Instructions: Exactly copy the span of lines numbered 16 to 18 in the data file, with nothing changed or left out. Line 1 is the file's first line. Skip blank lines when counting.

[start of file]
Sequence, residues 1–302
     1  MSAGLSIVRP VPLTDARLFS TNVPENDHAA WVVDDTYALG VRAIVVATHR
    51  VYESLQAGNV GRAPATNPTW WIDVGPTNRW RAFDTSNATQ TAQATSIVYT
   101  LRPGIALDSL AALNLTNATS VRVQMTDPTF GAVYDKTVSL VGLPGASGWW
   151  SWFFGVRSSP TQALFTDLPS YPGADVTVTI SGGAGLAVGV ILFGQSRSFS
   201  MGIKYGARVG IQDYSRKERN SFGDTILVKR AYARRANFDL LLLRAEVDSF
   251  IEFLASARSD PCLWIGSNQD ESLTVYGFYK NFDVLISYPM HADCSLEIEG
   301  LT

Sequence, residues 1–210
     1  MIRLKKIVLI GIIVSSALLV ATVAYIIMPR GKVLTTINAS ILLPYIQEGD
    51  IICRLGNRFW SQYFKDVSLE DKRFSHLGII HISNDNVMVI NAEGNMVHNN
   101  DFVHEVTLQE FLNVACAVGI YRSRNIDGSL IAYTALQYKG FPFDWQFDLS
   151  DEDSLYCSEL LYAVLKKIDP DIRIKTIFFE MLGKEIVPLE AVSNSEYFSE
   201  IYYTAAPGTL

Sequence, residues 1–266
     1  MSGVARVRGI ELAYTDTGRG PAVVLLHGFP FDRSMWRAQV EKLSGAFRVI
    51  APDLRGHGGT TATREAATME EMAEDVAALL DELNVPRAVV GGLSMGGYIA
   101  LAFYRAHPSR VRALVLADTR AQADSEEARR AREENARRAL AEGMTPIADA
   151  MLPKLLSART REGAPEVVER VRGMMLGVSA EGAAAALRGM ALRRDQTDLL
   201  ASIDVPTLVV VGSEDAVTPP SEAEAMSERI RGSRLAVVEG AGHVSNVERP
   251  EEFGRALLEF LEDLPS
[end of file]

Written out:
     1  MSGVARVRGI ELAYTDTGRG PAVVLLHGFP FDRSMWRAQV EKLSGAFRVI
    51  APDLRGHGGT TATREAATME EMAEDVAALL DELNVPRAVV GGLSMGGYIA
   101  LAFYRAHPSR VRALVLADTR AQADSEEARR AREENARRAL AEGMTPIADA